Iranian President Ebrahim Raeisi has expressed the Islamic Republic’s support for Russia’s national sovereignty following the aborted mutiny by the paramilitary Wagner group.
In a Monday phone conversation, President Raeisi and his Russian counterpart, Vladimir Putin, discussed the Friday mutiny by Yevgeny Prigozhin and his Wagner group.
During the call, Raeisi said Iran believes that the presence of extra-regional forces poses a threat to all regional countries.
The two presidents also exchanged views on the situation in the Caucasus, where tensions continue to simmer between Azerbaijan and Armenia following their second war over Karabakh in 2020.
“We follow the developments in the Caucasus region carefully and seriously and believe that the conflicts in Caucasus should be resolved with regional countries playing a role in it,” Raeisi added.
For his part, Putin briefed Raeisi on the recent armed insurrection in his country and said Moscow acted powerfully in dealing with the mutiny.
The Russian president also pointed to the adverse consequences of the moves by extra-regional forces regarding the developments in the Caucasus, and said the issue should be settled through cooperation and coordination among the neighboring states of the region.
The Kremlin also confirmed the phone call between Raeisi and Putin and said, “The Iranian president expressed full support for the Russian leadership in connection with the June 24 events.”
The mutiny started over differences between Prigozhin and Russian Defense Minister Sergei Shoigu.
The Wagner chief had accused Russia’s military top brass of ordering a rocket attack on the group’s field camps in Ukraine — where Russia has been leading a military operation — killing “huge numbers” of his paramilitary forces. Authorities in Moscow strongly denied his claim.
Following negotiations with Belarusian President Alexander Lukashenko aimed at deescalating the situation, the leader of Wagner paramilitary forces ordered his fighters on Saturday to turn around from their march towards Moscow to avoid bloodshed.
In a post on Twitter earlier on Monday, Mohammad Jamshidi, the Iranian president’s deputy chief of staff for political affairs, also pointed to the phone call between Raeisi and Putin and said that the Russian leader emphasized that the events had failed to challenge Russia’s national sovereignty.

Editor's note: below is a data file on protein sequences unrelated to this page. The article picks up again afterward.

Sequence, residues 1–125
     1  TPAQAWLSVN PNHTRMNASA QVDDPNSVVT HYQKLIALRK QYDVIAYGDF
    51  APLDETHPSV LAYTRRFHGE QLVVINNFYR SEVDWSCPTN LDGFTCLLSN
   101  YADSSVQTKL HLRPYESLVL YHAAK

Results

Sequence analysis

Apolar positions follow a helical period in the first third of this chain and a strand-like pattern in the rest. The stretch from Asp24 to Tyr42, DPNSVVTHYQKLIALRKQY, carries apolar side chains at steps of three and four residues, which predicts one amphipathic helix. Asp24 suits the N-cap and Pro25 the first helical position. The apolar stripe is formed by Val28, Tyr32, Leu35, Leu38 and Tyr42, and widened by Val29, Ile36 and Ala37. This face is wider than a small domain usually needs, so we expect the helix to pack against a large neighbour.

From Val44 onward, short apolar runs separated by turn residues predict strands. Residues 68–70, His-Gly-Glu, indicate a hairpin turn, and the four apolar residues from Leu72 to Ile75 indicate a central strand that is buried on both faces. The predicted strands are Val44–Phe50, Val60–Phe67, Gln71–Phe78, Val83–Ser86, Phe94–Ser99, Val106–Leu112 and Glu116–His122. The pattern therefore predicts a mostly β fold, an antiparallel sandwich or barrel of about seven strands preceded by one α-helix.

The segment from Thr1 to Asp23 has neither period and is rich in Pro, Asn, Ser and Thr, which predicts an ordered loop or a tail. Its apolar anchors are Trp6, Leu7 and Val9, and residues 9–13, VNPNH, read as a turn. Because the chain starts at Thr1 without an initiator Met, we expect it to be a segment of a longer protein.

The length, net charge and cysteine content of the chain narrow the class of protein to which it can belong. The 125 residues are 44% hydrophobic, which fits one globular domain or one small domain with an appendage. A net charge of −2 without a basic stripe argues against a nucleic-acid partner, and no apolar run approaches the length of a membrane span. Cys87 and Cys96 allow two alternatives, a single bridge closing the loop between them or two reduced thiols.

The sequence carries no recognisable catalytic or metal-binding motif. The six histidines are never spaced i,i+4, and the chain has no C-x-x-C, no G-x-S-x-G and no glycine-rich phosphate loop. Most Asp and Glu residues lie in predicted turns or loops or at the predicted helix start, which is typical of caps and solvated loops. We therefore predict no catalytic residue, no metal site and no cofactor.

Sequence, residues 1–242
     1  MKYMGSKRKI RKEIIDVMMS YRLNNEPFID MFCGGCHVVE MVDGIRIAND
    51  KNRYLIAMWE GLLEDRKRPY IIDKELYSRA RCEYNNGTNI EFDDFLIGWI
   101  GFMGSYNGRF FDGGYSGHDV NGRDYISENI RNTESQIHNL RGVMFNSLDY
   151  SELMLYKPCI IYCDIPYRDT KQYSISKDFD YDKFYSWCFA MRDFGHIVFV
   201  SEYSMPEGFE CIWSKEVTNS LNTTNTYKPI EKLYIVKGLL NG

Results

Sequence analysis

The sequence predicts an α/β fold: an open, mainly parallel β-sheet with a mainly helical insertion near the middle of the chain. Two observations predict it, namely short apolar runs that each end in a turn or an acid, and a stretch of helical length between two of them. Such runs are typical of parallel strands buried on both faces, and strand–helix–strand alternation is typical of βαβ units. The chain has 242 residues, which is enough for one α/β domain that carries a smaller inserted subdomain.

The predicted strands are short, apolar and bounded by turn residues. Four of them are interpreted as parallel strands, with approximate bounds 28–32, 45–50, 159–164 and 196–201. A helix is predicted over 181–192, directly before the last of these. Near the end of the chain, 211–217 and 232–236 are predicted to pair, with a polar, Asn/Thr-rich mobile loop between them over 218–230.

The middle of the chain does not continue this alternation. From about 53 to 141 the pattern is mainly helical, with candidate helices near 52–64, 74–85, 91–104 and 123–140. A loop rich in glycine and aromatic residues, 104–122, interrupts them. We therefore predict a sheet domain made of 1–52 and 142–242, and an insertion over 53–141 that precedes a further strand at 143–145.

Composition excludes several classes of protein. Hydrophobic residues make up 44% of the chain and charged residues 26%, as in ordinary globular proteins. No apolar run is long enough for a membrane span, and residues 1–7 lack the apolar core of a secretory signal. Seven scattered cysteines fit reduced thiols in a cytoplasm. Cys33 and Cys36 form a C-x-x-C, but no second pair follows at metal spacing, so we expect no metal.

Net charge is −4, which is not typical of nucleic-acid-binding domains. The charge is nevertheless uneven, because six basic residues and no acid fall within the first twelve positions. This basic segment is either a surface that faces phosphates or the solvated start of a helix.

Also on Saturday, Iranian Foreign Minister Hossein Amir-Abdollahian in a phone conversation with his Russian counterpart Sergei Lavrov rejected any foreign interference in the domestic affairs of countries and said the events in Russia were of an “absolutely domestic nature.”
He added that Iran supports the rule of law in all countries, including in the “neighboring and friendly country of Russia.”
In their Monday phone conversation, the Iranian and Russian presidents also discussed trade and economic relations and urged speedy implementation of the agreements already signed between the two countries.
Raeisi and Putin said Tehran-Moscow cooperation in the North-South Corridor can serve as a successful example of cooperation between two countries which could be expanded in other sectors.
Iran, together with India and Russia, is pushing forward with the sea and rail corridor that could substantially reduce the time and cost of shipping goods from India to Europe.
The 7,200-km multimode route was proposed by the three countries in 2000. Later, the number of participants expanded to 14.
It envisages a network of ship, rail and road for freight transport that will cut carriage costs by about 30-60% and transit time from 40 days to about 20 days.
The goal of the project is to attract transit cargo traffic from India, Iran and the Persian Gulf through the Russian territory to Europe.
Now the project combines several different transport systems of individual states.